Here’s why taking a cold shower might boost your metabolism


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When we first heard of a report that hot showers can slow metabolism, it caused a bit of an uproar. After all, what’s better than a long hot shower (or bath) at the end of a stressful day? It’s basically an advertisement for the whole self-care movement. Surely there can’t be anything bad about a steamy shower, right? Metabolism, the process by which your body converts what you eat into energy, is affected by everything from fiber intake to quality of sleep. But the temperature of the water when you take a shower? I reached out to gastroenterologist and internist Niket Sonpal, MD, and family medicine doctor and herbalist Aviva Romm, MD, to fact check the claim.

“Hot showers are great for relaxing muscles and clearing sinuses, but they aren’t helpful—or harmful—to your metabolism,” says Dr. Sonpal. “After meals, try to wait at least an hour before heading into the shower. Like swimming, showering can slow down digestion as blood is flowing to other parts of the body.”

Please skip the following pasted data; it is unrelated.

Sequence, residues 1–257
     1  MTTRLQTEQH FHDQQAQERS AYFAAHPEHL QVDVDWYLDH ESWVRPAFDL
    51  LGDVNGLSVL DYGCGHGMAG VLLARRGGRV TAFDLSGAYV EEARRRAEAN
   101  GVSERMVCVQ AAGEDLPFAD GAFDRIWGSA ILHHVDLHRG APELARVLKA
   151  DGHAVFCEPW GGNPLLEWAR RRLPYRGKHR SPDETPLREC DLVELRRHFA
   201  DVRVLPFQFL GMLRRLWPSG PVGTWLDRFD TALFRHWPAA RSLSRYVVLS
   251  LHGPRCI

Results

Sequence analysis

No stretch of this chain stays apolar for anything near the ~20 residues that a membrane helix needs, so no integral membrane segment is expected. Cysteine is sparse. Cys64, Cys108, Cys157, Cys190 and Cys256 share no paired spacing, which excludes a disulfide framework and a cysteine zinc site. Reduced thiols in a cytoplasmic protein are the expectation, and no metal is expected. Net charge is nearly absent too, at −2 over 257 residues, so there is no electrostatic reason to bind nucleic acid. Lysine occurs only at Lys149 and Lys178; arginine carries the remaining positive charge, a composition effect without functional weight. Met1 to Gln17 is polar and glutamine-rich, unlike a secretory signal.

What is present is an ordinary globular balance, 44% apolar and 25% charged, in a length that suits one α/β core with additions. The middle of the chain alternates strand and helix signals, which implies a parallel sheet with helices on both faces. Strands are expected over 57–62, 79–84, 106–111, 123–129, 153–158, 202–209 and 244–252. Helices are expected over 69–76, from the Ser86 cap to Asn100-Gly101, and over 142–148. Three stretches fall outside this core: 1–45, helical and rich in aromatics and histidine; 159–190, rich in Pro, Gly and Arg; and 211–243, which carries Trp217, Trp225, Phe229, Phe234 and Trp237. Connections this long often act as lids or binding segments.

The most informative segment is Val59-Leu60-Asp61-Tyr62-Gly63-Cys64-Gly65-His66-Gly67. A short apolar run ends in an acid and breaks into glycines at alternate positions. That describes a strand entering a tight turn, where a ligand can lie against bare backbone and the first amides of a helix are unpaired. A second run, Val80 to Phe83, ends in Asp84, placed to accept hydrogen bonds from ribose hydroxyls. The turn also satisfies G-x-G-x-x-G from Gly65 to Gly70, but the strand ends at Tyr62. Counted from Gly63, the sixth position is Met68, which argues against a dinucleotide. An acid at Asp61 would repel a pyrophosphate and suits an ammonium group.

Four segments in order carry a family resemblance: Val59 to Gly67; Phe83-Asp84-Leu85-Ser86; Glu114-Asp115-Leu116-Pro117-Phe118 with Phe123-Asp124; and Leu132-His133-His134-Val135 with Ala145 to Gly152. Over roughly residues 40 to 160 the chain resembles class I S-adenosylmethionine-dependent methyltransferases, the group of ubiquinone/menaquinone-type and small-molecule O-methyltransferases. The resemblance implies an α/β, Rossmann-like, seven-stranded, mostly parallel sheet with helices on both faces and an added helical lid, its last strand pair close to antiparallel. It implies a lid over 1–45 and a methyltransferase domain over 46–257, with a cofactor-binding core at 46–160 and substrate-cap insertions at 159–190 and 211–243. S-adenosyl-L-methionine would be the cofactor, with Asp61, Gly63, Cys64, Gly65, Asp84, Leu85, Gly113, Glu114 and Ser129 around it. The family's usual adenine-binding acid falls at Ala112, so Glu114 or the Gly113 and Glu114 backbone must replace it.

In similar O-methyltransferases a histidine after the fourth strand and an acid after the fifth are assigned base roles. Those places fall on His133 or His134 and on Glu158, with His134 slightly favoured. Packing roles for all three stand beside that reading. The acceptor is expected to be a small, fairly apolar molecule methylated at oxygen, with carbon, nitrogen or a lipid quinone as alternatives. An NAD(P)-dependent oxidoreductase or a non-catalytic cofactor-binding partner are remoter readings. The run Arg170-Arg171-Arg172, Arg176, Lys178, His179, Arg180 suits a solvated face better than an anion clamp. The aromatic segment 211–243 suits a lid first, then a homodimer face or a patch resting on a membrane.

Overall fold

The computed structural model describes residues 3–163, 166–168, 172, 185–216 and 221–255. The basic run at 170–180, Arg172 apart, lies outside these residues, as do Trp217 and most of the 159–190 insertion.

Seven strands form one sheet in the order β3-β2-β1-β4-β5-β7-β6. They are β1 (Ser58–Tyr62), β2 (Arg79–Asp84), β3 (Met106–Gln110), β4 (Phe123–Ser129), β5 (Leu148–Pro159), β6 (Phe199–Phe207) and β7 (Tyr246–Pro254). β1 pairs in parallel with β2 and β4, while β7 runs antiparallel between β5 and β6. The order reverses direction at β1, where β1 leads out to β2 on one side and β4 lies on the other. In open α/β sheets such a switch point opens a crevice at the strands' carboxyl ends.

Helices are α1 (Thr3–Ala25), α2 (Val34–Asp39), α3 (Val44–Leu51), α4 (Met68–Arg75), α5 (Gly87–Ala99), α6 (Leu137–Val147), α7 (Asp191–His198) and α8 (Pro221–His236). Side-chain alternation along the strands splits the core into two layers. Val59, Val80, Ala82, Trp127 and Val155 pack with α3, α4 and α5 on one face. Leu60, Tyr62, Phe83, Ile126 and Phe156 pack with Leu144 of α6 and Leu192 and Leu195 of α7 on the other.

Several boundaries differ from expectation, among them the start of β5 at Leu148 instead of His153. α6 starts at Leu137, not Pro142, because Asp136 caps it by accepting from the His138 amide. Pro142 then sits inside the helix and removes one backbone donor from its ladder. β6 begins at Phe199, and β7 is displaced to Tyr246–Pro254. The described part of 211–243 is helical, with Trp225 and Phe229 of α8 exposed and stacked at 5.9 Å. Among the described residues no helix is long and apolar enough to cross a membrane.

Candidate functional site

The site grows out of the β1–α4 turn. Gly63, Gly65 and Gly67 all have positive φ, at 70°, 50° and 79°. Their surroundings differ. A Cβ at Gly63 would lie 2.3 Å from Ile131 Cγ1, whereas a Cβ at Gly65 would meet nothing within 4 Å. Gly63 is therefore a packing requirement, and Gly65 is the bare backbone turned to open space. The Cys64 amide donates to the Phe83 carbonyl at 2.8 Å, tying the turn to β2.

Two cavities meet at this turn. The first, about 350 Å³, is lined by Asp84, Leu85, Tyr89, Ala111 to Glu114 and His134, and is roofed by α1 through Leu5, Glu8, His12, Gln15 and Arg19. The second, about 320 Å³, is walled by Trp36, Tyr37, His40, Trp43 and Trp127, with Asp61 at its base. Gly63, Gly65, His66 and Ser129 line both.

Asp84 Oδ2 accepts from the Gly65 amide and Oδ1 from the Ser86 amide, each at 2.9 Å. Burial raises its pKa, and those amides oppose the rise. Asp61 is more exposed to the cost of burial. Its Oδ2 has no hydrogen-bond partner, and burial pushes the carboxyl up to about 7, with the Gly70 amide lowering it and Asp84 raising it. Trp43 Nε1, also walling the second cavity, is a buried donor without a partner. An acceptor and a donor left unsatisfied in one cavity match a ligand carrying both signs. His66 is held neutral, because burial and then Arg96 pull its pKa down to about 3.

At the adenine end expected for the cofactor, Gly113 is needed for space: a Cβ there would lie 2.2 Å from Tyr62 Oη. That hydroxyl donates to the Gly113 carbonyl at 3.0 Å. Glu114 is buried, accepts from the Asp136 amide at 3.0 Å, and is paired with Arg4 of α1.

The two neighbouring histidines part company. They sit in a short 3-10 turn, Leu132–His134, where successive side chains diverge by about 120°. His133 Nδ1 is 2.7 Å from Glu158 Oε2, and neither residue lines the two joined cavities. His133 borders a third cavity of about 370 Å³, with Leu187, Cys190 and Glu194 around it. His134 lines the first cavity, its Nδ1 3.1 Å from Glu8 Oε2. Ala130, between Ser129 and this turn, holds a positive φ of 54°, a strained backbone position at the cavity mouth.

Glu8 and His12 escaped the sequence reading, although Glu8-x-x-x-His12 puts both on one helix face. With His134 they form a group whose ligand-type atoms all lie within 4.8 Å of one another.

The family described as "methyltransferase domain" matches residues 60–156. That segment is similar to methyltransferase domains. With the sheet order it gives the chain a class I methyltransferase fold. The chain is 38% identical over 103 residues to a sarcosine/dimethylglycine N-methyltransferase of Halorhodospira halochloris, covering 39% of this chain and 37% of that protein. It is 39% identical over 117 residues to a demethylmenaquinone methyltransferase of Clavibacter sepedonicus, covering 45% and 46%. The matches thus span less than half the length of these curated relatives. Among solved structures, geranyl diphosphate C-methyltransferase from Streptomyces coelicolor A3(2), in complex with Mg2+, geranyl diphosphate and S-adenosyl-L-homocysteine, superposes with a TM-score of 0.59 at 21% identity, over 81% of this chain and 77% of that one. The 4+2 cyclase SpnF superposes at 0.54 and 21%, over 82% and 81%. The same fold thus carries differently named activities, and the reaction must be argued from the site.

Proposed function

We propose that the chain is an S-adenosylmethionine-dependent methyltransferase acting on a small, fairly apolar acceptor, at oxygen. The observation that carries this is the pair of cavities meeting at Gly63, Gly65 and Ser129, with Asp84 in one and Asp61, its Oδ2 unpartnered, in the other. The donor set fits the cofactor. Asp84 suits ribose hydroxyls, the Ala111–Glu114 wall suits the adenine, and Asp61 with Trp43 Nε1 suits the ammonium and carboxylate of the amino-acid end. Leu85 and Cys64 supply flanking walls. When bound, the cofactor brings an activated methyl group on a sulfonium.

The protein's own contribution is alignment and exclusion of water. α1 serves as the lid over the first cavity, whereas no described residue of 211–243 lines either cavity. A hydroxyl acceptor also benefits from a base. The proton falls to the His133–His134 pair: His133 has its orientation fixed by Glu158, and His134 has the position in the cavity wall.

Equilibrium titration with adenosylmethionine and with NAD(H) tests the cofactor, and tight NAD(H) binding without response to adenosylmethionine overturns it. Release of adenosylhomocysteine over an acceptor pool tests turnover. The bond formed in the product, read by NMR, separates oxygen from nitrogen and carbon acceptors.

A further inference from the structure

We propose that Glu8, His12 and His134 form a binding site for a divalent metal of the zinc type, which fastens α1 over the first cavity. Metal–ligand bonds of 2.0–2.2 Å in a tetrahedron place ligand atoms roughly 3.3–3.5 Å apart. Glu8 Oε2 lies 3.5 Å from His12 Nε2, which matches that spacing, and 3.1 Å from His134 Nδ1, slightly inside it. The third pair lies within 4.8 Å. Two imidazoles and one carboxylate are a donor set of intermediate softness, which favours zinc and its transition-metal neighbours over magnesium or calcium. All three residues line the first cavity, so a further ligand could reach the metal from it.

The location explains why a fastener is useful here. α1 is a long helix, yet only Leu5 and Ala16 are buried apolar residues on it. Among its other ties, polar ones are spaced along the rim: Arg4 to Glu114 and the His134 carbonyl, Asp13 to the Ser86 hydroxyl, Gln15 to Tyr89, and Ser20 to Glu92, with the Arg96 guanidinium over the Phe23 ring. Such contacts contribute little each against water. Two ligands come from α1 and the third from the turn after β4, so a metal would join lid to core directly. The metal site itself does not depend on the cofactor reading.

“Cold showers, on the other hand, make it so that your body has to heat up to regulate its temperature,” he says. When you’re cold, your body shivers in order to warm itself up, which requires energy (aka burning calories). Such a boost in your metabolism is one of the benefits of a cold shower, which can help with weight management, says Dr. Sonpal.

“A brisk cold shower can be very invigorating and give your metabolism a quick boost,” says Dr. Romm. “One of my daily practices is to end my hot shower with a very brief cool rinse.” (It’s great for your pores, too, she adds.)

In this case, the doctors say the opposite is not true: hot showers aren’t going to slow down your metabolism, if that’s what you’re worried about. “There is no reason that hot showers, per se, are bad for metabolism, and in fact, people have been using hot saunas, for example, for eons for health,” says Dr. Romm, “and health starts with good metabolism.”

BTW, here’s how often you should be showering, according to a dermatologist, and this is what happens when you stop showering for a month.  

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